Editor’s Choice 57:09 – Multi-species connectivity in a trans-frontier conservation landscape

As the September Editor’s Choice for Journal of Applied Ecology, research from Angela Brennan and colleagues moves away from a single-species approach and instead looks at movement corridors and connectivity on a large scale and across multiple species. Associate Editor, Kulbhushansingh Suryawanshi shares the important impact this could have on future conservation and development plans. Continue reading Editor’s Choice 57:09 – Multi-species connectivity in a trans-frontier conservation landscape

New study reveals rarity of the Spirit Bear and gaps in their protection in Canada’s Great Bear Rainforest

In their latest research, Service and colleagues map the distribution and frequency of the ‘Spirit bear’ allele to support conservation planning of these culturally important phenotypic variants. Author Christina Service shares her team’s findings below. Continue reading New study reveals rarity of the Spirit Bear and gaps in their protection in Canada’s Great Bear Rainforest

Camera traps reveal hidden treasures of the rainforest

In their new research, Mattia Bessone and colleagues demonstrate how camera trap distance sampling can be used to develop conservation strategies and protect threatened species. The impact humans are exerting on the planet is accelerating the loss of biodiversity, with animal species disappearing at such unprecedented rate that scientists have labelled the current era ‘Earth’s sixth mass extinction’. To preserve the remnants of wildlife we … Continue reading Camera traps reveal hidden treasures of the rainforest

Wildlife conservation modelling and Payment for Ecosystem Services schemes

Payments for Ecosystem Services (PES) schemes are a way of bringing potential ‘buyers’ and ‘sellers’ of ecosystem services together for a mutually beneficial exchange. In their recently published work, Kragt and colleagues present an ecological model in the Lao People’s Democratic Republic that predicts how community-based patrolling can protect critically endangered species from poaching. Here they show how this model could benefit PES schemes. Laos … Continue reading Wildlife conservation modelling and Payment for Ecosystem Services schemes

Editor’s Choice 56:12 – Do introduced apex predators suppress introduced mesopredators? The debate continues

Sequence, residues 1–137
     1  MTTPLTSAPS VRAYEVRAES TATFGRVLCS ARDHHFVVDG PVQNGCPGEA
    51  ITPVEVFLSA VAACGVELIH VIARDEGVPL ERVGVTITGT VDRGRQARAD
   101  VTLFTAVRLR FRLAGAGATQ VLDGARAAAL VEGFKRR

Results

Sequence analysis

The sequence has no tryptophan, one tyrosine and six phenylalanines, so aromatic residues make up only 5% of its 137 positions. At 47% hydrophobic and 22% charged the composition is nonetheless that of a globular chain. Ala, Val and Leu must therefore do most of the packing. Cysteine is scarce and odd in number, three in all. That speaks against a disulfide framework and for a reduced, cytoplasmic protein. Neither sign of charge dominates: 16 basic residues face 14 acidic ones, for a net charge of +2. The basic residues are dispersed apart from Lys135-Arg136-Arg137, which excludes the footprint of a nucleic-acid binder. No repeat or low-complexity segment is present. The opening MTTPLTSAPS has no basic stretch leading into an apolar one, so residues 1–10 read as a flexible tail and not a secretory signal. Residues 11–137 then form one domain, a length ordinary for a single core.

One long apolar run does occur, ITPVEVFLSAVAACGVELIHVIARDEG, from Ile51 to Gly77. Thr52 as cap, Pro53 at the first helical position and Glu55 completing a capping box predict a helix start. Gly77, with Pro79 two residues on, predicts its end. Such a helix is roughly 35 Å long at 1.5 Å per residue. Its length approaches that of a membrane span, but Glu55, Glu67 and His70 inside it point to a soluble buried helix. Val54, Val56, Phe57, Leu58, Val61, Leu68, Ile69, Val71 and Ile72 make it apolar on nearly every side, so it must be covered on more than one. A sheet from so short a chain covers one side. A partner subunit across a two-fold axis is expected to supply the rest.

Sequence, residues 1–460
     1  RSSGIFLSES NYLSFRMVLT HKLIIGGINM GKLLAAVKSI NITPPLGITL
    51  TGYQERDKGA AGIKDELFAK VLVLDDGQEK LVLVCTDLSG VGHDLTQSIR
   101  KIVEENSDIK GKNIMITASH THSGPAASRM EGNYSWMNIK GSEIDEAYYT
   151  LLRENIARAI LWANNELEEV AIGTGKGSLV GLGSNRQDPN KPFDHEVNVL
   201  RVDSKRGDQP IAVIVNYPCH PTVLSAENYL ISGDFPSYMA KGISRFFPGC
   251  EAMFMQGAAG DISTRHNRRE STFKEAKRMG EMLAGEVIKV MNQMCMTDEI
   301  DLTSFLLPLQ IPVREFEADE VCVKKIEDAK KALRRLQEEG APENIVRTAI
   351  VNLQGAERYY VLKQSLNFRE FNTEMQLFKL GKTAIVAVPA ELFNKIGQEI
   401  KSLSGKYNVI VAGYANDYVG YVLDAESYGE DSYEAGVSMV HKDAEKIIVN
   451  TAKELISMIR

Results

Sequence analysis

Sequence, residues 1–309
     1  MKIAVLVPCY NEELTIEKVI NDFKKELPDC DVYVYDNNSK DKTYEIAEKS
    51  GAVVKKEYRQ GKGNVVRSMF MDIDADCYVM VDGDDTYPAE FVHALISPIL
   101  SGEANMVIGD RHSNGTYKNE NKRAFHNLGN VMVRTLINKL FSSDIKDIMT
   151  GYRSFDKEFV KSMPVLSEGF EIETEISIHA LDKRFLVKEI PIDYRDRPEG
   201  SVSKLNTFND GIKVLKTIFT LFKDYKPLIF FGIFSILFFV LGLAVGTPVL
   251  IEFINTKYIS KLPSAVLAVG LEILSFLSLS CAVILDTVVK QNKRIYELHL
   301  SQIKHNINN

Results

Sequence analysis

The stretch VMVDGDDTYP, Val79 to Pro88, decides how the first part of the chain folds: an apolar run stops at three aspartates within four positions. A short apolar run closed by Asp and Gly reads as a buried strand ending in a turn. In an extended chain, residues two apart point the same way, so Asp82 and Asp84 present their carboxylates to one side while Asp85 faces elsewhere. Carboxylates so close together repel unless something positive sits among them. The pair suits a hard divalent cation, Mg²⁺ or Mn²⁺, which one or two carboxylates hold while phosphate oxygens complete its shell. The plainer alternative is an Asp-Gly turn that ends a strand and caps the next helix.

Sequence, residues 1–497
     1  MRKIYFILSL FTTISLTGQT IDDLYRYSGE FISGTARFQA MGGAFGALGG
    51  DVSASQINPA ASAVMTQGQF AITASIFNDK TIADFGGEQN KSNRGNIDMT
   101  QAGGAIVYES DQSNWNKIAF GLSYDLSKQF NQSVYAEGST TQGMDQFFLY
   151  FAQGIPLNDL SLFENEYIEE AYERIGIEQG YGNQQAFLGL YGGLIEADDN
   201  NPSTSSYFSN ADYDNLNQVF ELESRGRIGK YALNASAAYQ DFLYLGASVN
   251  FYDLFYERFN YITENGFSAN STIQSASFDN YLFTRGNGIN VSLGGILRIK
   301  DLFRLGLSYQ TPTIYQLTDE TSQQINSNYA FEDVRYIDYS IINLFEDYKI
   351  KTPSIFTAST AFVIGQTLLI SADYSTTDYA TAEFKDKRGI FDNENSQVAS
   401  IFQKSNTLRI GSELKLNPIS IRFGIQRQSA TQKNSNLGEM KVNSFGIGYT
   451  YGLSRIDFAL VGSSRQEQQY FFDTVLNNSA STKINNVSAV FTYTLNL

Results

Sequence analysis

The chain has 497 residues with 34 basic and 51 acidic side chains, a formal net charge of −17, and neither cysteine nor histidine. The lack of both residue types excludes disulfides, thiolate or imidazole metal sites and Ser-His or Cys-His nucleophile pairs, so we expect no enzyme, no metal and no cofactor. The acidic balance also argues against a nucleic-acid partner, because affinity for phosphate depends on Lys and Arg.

Our December Editor’s Choice by Fancourt et al. indicates that the presence of dingoes in Australia is unlikely to suppress introduced feral cats. Associate Editor, Michael Bode, looks at the evidence in this new research and explains why he feels the debate around this topic is far from over. In recent times, Australia has had one of the worst records of extinction in the world. … Continue reading Editor’s Choice 56:12 – Do introduced apex predators suppress introduced mesopredators? The debate continues

If some species extinctions are the result of bad luck, what does this mean for conservation?

Kevin Smith and Ryan Almeida take a look at how we can predict and manage extinction risk.  Here’s a thought experiment for you: ask a few people the question, ‘What was it about the dodo that led it to go extinct’? Compare your answers. Based on our experience, your friends and colleagues are likely to cite some of the dodo’s traits that they feel like … Continue reading If some species extinctions are the result of bad luck, what does this mean for conservation?

Conservation optimism: applied ecologists lead the way

Linking to their upcoming summit in Oxford, UK, Conservation Optimism’s E.J. Milner-Gulland brings together a selection of recent research papers that celebrate conservation success and look for solutions. These are both difficult and hopeful times for applied ecologists. On the one hand, the scale and severity of the strain that our ecological systems are under is becoming more and more apparent; a look through the … Continue reading Conservation optimism: applied ecologists lead the way

Editor’s Choice 56:6 -Wild and free: red deer grazing for conservation

Issue 56:6’s Editor’s Choice article demonstrates how a ‘hands-off’ approach and grazing by wild ungulates can be just as effective as livestock when it comes to managing grassland biomass – given the specific contexts are considered. Annabel Smith and Jana Eccard share highlights from the research by Friederike Riesch and colleagues, Grazing by wild red deer: Management options for the conservation of semi‐natural open habitats. … Continue reading Editor’s Choice 56:6 -Wild and free: red deer grazing for conservation

Cover stories: protecting the Sumatran rhino

With approximately 100 individuals left in the wild, the Sumatran rhinoceros (Dicerorhinus sumatrensis) is one of four charismatic megafauna species in Sumatra used as flagship and umbrella species for conservation. Our cover image photographer for issue 56:5, Marsya Sibarani tells us about her interaction with this endangered species. In 2015, I got the chance to visit the Sumatran Rhino Sanctuary (SRS) in Way Kambas National … Continue reading Cover stories: protecting the Sumatran rhino

Spotlight: Conservation in marine habitats

This month, Journal of Applied Ecology turns its focus to the health of the worlds’ oceans, with a new Spotlight, Conservation in marine habitats. Ignasi Montero-Serra summarizes the importance of this collection of work that provides a variety of cutting-edge tools to quantify the impact of major stressors, and to guide management actions across marine habitats; from the intertidal to the deep sea. Marine habitats … Continue reading Spotlight: Conservation in marine habitats